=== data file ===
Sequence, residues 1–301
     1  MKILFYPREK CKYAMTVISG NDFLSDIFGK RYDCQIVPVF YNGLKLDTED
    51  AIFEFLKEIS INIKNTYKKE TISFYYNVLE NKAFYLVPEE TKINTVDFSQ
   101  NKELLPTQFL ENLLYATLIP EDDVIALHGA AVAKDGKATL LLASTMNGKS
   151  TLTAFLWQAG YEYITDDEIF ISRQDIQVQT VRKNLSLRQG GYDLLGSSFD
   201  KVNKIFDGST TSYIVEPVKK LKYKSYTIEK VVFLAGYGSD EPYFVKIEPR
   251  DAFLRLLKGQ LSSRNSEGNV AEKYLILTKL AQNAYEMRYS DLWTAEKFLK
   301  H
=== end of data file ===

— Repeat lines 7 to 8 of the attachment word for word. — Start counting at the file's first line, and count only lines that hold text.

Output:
   251  DAFLRLLKGQ LSSRNSEGNV AEKYLILTKL AQNAYEMRYS DLWTAEKFLK
   301  H